#MeToo, Meninists & Manolo Blahniks

A new weekly segment dedicated to all things womankind – celebrating our triumphs, recapping the news and having a serious conversation about violence and inequality.


Another week, another white male accusing the feminist movement of harming men’s rights. It is alleged that Construction, Forestry, Mining and Energy Union leader John Setka remarked that domestic violence survivor and campaigner Rosie Batty’s efforts towards eradicating violence have harmed men’s rights. Setka has since denied these comments after the Labor party called for his expulsion from the CFMEU, and opened up a whole new can of worms for the Labor party. Turns out Setka himself actually has a history of aggression and misconduct towards women, but that’s a story for another time. What is important here is that these men keep popping up.

Why in the age of #MeToo, #EnoughIsEnough and #BreakTheSilence, when we are constantly presented with the facts and figures about violence, assault, harassment and inequalities women face everyday, are we still having to justify our rights to men? And why are we giving these men a platform to do so? These men are in the same league as the ‘meninists’ that have tried to turn the #MeToo movement into a spectacle in India and across the globe.


Let’s start this one by looking some facts. India was named the world’s most dangerous country for women in 2018. The country is home to 650 million women and girls, and, in 2016, 338 954 reports of crimes against these women were recorded. In 95% of all rape cases, the perpetrator is known to the victim. So it is no surprise that #MeToo has had an impact and empowered a lot of these previously oppressed and severely underrepresented women.

However, a new wave of “meninists” have appeared across the country. On June 3, the government announced a free travel scheme in New Delhi for women in an effort to make the city safer and easier to navigate – a move that was not welcomed by many men and even some women. A statement was released by the Purush Aayog (Men’s Commission) the following day claiming that ‘men are marginalised at the expense of women’ and condemning the government’s actions, essentially discrediting decades of women’s rights activism and privileging the old ways of sexism, violence and patriarchy. The press release also claimed that ‘an Indian man has no rights’ when he becomes a victim of domestic violence, sexual assault and harassment. And so #MenToo reared its ugly head in India. (Although this concept has actually been lying low among the men of India since the early 2000s.)

The Purush Aayog achieved nation-wide exposure, sparking disquiet among many men, who viewed the government’s policy as an unfair attack on them (fragile masculinity at its finest) as they would essentially be funding this scheme, but shouldn’t they be celebrating that their wives, daughters, sisters, mothers, friends and co-workers can now get around more safely? Bollywood actress, Tanushree Dutta, revived the #MeToo movement in India last year and on June 4 publicly condemned the actions of the Purush Aayog. She wrote that the #MenToo movement could have a detrimental impact on the nation’s journey towards equality, fearing that women will no longer want to come forward from fear of being further publicly scrutinised, attacked or even charged with defamation. It is important to note that false accusations do occur, but the prevalence of this is lower than the rate of convictions for crimes against women.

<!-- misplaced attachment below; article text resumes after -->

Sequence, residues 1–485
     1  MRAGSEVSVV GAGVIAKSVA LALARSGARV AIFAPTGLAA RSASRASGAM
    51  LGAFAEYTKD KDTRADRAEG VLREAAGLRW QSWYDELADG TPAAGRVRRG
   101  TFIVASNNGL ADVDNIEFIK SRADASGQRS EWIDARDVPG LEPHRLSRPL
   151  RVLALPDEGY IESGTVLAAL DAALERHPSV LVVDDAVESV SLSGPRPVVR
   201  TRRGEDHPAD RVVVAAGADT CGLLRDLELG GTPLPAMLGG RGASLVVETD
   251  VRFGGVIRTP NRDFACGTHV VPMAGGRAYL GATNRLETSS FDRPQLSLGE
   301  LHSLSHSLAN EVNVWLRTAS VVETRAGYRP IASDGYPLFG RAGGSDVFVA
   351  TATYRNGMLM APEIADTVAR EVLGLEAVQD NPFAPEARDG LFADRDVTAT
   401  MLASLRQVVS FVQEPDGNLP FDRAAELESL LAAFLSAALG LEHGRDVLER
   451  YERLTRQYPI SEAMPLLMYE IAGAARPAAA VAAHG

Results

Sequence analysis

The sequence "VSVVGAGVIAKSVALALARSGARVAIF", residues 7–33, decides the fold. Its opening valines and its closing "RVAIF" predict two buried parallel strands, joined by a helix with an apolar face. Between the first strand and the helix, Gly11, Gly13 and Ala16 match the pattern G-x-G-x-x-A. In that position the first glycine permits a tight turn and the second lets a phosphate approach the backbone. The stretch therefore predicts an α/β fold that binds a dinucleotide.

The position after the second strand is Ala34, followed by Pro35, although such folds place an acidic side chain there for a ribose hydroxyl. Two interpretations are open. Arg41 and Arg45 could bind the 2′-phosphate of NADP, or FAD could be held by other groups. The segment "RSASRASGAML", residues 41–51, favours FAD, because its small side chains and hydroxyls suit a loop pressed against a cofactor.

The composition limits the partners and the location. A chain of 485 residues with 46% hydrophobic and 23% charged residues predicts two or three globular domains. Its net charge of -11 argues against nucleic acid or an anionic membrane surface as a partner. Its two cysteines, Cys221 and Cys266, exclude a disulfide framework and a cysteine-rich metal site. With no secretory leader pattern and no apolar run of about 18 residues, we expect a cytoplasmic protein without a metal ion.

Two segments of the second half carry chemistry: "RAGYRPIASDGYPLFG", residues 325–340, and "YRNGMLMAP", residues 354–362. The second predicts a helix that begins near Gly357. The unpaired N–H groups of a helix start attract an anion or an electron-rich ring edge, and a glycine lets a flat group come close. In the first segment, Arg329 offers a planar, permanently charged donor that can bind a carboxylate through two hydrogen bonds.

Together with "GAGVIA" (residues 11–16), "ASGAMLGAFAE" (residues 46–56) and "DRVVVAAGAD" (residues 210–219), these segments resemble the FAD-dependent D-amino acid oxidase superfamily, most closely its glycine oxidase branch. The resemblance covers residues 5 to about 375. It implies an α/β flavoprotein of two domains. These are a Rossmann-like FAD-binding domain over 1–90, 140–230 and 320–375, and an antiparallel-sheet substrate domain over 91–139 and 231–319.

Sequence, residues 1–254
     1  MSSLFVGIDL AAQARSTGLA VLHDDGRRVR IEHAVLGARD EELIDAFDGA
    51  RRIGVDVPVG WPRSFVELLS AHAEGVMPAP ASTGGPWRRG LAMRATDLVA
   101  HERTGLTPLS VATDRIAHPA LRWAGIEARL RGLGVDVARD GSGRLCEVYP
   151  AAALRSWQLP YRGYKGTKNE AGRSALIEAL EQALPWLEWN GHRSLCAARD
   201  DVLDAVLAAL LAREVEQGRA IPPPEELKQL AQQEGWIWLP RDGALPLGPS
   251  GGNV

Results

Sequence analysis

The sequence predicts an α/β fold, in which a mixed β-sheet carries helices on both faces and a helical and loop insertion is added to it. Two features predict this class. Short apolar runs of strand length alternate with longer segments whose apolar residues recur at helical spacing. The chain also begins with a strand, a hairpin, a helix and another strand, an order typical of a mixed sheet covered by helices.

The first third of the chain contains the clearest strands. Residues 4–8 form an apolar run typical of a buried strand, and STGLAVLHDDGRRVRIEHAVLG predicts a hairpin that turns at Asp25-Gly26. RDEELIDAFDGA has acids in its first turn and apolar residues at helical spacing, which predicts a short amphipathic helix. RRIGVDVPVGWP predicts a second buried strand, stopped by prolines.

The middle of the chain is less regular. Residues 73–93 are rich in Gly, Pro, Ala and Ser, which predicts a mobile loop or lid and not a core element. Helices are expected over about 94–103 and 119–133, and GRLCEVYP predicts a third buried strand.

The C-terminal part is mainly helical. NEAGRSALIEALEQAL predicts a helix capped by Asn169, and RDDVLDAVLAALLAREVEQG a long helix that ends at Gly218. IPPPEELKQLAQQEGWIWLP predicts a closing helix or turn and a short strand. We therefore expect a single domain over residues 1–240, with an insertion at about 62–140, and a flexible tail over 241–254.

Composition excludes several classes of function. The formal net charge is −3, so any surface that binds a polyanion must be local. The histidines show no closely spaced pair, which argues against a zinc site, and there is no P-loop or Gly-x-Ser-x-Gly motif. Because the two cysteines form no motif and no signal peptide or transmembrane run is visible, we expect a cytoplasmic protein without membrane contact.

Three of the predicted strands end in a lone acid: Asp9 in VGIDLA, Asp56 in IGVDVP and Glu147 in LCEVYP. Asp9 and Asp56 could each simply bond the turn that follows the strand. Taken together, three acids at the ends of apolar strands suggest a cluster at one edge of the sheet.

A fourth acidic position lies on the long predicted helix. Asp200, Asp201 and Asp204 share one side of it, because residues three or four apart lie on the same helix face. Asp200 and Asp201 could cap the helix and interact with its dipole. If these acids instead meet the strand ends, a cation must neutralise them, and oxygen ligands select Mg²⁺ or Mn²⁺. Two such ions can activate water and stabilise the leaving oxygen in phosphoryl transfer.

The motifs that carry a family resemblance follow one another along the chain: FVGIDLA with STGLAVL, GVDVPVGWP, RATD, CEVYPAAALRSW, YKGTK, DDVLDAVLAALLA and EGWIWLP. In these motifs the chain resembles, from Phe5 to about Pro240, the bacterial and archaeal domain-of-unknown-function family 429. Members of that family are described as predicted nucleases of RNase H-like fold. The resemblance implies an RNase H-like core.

Acting under the facade of equality, meninists and their ancient #MenToo ideals are essentially eroding the progress of the #MeToo movement. The issue here is that many men are viewing the worldwide women’s movement as an act of dominance and grab for power, when in fact all we want is to go about our lives knowing we will survive the day.


Heels? In the workplace? Backbreaking. Fashion may be pain but why should we be forced to endure it? For years, women around the world have been revolting against office dress codes that enforce heels, and now Japan’s time has come. Over 27,000 Japanese women have signed a petition for a ban on mandatory heels in the workplace. The #KuToo movement was initiated earlier this year by actress Yumi Ishikawa who presented a petition to the health and labour ministry 2 weeks ago in an effort to raise awareness and overturn company dress code requirements where heels are involved – a code that around 60% of Japanese women see enforced everyday.

Still a vibe tbh.

A clever play on the words shoes, kutsu, and pain, kutsū, the hashtag has been trending across Japan and international sites over the past weeks. Last Wednesday, the health and labour minister responded to Ishikawa’s petition, claiming that heels between 5-7cm are “commonly accepted as necessary and appropriate in the workplace”. This essentially disregarded the issues faced by so many women across the country and all around the word. Not only are heels uncomfortable, and often painful (pressure points and blisters you guys), they can also cause serious injuries and inhibit women from working to their full potential – but I mean as long as you look professional it’s all cool right? And yet a man can stand there, ignorant as ever, and say “heels are appropriate” when he has most likely never worn them. It is, perhaps, another subtle yet present power play that allows the patriarchy to remain intact.

So it appears men are still grasping for control, from what we do with our bodies to how we dress. Perhaps these men should take a walk in our shoes and then they might realise how hard it is to kick the patriarchy to the kerb when we are strapped into sky-high stilettos – or maybe that’s why they insist on us wearing them. But just because it’s harder doesn’t mean we can’t or won’t do it, and #KuToo is just another step towards equality.

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